Homes and appliances should be designed by those who use them.
Here’s the thing… I was cleaning the stove again, which is NOT a favourite job of mine, because it’s poor design makes it difficult to clean, and it never actually looks clean once it’s done, which is of course exaggerated by the readiness of cooking to have it looking grottier by the second. The main design faults might look like simple oversights to the modern unpaid housekeeper, because surely they wouldn’t design it this way on purpose, but I have to wonder if ANY of these designers have cleaned a stove in their lives. Granted, there are some improvements: unlike the older stoves, which had a pit where liquids pillages and overflows went (this being the part of the stove that often got covered in aluminium foil because it was impossible to clean), now there are some slightly raised edges surrounding the gas hob, and a tall wall around the centre where the top thingy that the flame peeks around sits upon. This is a HUGE improvement! Most spills are therefore on the flat base, and a flat surface is far easier to clean. The sparker which starts each flame (awesome invention that) is also raised high and covered with a part, as is the outlet for the flame, so these rarely need cleaning! Well done with those! The cast iron covers on which the pots sit are also nice and strong, easy to remove, and on my stove they extend across the entire flat surface. I have yet to figure out how to clean these easily as they scratch any sink you put them in quite badly, so maybe more rounded corners might help, but thankfully they tolerate being just wiped down most of the time.
Here’s where my compliments end. Everyone knows there was good reason for the largest of the pot warmers to be coupled with the smallest, or even having them off-set, was so that the largest had enough space around it. Apparently the designers of my stove skipped that and went with some odd aesthetic which puts the biggest in the corner, sided by two mediums. That’s a step backwards because I can’t actually fit the large pot beside a medium one. Never mind the raised edge surrounding that hub being so close to the actual raised edge of the stove that it requires a toothpick to clean it! It gets worse though… One of the knobs (front right of the picture) is actually heat stressed because of this problem pushing the heat further forward than intended. Furthermore, there are these wonderful rubber thingies surrounding the hole into the self-contained box under the bench, and they do the job of preventing yucky messes from going down into the box. No idea if they work, because I can’t get into the box, but if you try to wipe them, they shrink into the space under the stovetop, requiring a toothpick to carefully remove them. They also respond the same way when I try to remove them for cleaning. The little symbolic pictures that say which knob goes with which hub MUST be more difficult to remove than stove grime. Better still, putting two of the four slightly forward would negate the need for them at all on our stove. Lastly, I’m suitably unimpressed with the surface. I’ve found it rather difficult to find what to clean it with, and as its stainless steal, I’m using the pot cleaner for it. Nothing else I tried got everything off, and some things I tried put irreversible scratches on it. The brushed finish just doesn’t come up in the same way the shines surface of my pots does. It is a surface that works great for the dishwasher and the door handles, but as soon as it has to deal with oil and grease in high quantities, it loses its appeal. For those who have stoves like this, boiled water poured over the surface, then a little stainless steel cleaner actually gets most grime off easily, something I discovered by trial and error. Maybe there is some scientific reason they have used a brushed surface, but if it’s a fashion thing, I’d like to kill that as much as I wanted to do with the brown and orange of the 70s. It just NEVER looks good!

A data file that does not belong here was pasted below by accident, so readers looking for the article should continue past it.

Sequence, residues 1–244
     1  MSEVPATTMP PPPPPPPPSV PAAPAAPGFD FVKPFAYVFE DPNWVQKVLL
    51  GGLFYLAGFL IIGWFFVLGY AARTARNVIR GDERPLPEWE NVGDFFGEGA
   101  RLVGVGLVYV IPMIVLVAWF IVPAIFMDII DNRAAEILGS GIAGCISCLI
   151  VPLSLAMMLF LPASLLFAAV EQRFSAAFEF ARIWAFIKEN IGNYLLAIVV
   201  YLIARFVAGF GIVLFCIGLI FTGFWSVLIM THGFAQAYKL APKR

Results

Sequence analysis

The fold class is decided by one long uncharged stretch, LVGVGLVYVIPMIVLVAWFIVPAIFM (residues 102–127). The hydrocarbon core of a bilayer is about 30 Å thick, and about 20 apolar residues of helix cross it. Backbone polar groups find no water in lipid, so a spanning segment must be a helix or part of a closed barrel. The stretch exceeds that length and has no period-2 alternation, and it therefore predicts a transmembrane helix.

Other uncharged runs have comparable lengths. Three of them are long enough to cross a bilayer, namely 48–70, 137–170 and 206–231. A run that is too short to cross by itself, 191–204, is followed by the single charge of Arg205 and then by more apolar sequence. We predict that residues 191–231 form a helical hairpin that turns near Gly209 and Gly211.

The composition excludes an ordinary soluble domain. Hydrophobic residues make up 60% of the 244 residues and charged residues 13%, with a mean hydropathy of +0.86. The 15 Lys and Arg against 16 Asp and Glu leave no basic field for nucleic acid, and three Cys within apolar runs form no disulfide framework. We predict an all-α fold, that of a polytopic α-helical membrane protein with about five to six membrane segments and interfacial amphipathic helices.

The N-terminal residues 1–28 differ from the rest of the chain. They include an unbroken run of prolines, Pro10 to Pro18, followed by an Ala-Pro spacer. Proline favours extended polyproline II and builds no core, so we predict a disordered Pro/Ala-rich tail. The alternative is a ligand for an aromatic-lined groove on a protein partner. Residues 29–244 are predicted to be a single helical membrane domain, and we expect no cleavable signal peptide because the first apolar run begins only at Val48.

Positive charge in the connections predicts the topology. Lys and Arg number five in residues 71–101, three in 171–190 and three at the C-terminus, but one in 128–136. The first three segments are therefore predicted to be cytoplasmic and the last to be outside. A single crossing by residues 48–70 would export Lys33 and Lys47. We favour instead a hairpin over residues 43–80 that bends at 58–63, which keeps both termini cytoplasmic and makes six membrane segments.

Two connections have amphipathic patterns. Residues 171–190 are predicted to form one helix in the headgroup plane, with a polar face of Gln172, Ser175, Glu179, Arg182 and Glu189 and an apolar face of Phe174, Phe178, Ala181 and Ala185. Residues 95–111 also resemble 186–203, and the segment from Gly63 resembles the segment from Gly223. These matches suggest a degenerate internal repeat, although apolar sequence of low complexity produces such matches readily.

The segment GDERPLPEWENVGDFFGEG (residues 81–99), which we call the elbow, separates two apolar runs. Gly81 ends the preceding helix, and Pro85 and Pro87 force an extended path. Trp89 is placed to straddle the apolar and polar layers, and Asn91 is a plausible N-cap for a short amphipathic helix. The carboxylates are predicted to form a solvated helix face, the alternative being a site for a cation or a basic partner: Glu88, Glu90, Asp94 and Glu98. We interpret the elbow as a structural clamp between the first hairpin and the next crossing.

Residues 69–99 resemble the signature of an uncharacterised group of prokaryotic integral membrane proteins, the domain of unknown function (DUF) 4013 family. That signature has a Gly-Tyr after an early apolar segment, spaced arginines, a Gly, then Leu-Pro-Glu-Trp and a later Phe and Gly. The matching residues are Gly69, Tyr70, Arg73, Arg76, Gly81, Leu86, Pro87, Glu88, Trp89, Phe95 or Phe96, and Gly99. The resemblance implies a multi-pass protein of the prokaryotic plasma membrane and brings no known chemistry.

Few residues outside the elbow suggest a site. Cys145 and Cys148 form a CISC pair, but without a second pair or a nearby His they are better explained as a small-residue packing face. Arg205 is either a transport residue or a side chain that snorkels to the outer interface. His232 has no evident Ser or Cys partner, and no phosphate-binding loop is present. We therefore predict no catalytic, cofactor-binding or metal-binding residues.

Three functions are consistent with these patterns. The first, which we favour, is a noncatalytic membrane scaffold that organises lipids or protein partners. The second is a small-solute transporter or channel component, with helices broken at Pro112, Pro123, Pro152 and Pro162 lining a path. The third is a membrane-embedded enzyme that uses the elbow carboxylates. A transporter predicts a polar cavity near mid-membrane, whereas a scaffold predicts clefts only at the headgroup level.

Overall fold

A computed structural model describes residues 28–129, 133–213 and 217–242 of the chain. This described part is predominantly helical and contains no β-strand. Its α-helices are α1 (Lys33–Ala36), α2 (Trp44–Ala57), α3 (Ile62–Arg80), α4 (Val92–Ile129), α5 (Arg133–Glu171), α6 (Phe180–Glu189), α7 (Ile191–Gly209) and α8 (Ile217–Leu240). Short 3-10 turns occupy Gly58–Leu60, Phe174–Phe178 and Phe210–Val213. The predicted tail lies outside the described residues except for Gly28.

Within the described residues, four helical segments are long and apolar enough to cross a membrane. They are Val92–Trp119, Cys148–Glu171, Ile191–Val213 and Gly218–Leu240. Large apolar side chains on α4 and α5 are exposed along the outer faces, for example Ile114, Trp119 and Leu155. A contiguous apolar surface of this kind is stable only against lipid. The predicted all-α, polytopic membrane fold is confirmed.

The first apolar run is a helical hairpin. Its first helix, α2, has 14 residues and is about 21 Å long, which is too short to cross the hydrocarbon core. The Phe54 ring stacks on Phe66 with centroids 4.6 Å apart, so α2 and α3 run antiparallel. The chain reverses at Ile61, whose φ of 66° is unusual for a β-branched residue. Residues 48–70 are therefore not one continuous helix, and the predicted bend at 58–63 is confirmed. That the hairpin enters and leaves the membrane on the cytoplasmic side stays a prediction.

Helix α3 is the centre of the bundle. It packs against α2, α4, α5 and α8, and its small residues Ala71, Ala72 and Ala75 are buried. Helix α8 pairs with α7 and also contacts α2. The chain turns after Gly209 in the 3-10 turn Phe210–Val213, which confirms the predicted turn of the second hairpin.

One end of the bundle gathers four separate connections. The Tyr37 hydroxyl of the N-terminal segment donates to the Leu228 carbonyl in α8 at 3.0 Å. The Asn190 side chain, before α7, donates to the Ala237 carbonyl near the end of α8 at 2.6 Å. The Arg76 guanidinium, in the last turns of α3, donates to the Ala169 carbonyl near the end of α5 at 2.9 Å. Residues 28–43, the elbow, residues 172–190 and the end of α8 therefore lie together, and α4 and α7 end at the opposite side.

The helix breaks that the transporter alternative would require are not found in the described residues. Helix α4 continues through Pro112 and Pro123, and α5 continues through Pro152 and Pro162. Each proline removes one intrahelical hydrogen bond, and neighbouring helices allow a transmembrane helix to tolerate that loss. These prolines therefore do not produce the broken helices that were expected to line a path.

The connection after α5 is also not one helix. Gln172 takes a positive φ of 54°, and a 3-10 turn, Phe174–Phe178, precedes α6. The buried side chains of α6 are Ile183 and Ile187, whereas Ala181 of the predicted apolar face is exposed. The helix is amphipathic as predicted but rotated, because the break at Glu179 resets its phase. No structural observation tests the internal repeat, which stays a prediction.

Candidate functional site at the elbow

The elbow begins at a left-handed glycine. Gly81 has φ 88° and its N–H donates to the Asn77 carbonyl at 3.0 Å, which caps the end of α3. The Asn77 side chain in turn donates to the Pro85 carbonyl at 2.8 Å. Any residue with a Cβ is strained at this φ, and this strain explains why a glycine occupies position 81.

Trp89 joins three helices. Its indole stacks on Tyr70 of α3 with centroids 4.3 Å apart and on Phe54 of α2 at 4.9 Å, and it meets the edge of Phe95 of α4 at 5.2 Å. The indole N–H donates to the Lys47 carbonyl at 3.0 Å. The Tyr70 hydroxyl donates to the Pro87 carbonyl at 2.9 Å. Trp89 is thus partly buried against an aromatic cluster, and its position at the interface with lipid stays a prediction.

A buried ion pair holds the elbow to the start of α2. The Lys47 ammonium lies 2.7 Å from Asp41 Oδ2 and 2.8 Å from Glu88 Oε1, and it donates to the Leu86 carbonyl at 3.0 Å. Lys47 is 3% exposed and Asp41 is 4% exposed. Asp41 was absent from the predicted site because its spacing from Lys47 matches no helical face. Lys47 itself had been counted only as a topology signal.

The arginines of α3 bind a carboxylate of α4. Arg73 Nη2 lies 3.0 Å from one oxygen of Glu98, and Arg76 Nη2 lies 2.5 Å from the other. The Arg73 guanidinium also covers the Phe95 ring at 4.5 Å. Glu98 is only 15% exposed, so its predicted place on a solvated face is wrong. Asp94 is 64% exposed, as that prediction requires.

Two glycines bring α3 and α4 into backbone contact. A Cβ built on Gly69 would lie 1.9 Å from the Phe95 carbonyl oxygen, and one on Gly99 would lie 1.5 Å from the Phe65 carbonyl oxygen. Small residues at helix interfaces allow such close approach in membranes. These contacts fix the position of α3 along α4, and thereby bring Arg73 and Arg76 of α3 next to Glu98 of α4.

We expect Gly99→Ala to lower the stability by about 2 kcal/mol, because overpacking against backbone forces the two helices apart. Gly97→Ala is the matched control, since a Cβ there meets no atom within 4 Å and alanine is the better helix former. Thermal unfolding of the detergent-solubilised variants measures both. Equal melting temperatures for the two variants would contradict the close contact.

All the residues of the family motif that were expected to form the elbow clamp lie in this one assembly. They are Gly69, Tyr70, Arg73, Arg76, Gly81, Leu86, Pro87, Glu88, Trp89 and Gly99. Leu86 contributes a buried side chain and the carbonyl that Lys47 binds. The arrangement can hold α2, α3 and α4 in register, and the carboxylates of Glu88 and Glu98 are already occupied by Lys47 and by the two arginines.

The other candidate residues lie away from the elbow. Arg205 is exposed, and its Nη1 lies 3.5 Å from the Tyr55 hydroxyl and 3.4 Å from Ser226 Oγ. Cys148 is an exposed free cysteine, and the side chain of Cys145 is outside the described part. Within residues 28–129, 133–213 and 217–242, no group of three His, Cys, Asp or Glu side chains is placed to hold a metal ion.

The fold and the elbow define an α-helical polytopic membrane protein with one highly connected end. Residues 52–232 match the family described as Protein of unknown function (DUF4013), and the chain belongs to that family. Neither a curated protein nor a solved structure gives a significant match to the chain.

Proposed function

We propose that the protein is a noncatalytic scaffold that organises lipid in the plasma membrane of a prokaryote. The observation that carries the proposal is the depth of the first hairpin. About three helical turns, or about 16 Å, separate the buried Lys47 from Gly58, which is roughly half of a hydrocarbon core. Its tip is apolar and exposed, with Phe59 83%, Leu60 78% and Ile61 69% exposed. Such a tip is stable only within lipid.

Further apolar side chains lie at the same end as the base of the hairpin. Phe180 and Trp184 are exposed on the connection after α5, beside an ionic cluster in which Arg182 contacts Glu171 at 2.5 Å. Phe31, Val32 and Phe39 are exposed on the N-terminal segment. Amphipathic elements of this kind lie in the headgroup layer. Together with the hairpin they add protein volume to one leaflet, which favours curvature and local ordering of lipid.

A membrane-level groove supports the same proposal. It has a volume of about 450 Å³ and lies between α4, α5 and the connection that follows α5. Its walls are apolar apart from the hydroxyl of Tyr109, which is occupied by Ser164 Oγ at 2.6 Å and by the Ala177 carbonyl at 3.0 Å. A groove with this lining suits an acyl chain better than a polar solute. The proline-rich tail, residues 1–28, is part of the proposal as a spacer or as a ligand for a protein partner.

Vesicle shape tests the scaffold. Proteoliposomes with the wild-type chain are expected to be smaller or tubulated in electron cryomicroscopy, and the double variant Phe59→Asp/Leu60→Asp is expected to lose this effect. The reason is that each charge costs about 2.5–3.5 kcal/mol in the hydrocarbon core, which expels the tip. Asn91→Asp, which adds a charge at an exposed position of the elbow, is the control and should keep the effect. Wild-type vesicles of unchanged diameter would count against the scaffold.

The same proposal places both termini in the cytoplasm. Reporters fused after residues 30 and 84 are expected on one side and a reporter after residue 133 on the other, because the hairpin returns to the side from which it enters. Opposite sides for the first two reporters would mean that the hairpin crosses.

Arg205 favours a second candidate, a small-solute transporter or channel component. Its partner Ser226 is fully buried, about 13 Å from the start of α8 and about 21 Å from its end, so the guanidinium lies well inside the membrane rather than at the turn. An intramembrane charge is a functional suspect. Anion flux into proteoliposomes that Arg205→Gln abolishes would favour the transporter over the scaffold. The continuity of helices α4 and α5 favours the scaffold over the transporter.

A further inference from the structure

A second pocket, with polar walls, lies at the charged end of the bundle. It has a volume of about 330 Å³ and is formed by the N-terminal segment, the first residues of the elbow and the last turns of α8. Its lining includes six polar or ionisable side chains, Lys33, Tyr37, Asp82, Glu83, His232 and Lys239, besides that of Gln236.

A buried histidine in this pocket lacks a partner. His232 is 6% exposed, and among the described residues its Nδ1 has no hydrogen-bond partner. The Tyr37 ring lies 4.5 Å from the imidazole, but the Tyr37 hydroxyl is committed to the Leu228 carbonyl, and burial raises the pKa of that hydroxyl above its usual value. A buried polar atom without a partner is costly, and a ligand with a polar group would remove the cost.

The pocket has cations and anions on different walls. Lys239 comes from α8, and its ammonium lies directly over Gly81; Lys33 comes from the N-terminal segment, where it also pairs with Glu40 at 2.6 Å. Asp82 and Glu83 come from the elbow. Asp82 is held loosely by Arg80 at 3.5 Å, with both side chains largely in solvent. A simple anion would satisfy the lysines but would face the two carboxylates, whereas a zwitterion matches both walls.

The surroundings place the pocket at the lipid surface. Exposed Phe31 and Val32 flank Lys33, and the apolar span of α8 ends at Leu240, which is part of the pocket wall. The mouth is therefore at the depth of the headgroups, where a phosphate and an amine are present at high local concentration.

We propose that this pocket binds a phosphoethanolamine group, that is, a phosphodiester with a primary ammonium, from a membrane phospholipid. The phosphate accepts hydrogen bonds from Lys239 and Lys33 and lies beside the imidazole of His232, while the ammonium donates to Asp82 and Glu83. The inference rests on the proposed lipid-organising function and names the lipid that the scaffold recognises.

If I was to design a home and appliances I would do these things differently:
- Everything should have removable parts unless it is more then a finger surrounded by a cloth apart. I’m so over cleaning with old toothbrushes and toothpicks. These things were intended for teeth, NOT house cleaning.
- No fixed furnishings should have a gap smaller then the width of the average cleaning mop.
- The materials used for fashion reasons rather then cleanability should be reserved for the top of the range appliances. There will always be fools with enough money to buy them for that reason. Practicality should be at the affordable end.
- No one should EVER use white grout. The darker the better, or you might as well just make it yellow to begin with.
- Speckled carpet should ALWAYS be in fashion. The plains of today will show up every spec like its a target.
- All electronics need over-ride buttons for when the kids disappear with or destroy the remote control. Hide them on the back of the T.V if you must, or behind a plastic panel, but please put them back on!
- Include cleaning instructions for all appliances and electronics. Otherwise, how do we know?
- Cover over small holes wherever possible, or include the option in parts, because children post things, all sorts of things…
- ASK those who will use AND CLEAN each product to try them out and report back. No one person who never cooks can design a good stove, especially if they have never cleaned it.
- Put practicality before aesthetics. If you are good enough at design both can be incorporated.
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